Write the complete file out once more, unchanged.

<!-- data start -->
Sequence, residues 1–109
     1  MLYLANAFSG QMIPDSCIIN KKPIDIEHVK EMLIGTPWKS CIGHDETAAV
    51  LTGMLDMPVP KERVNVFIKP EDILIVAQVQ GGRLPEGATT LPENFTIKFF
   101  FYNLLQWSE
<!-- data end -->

Sequence, residues 1–109
     1  MLYLANAFSG QMIPDSCIIN KKPIDIEHVK EMLIGTPWKS CIGHDETAAV
    51  LTGMLDMPVP KERVNVFIKP EDILIVAQVQ GGRLPEGATT LPENFTIKFF
   101  FYNLLQWSE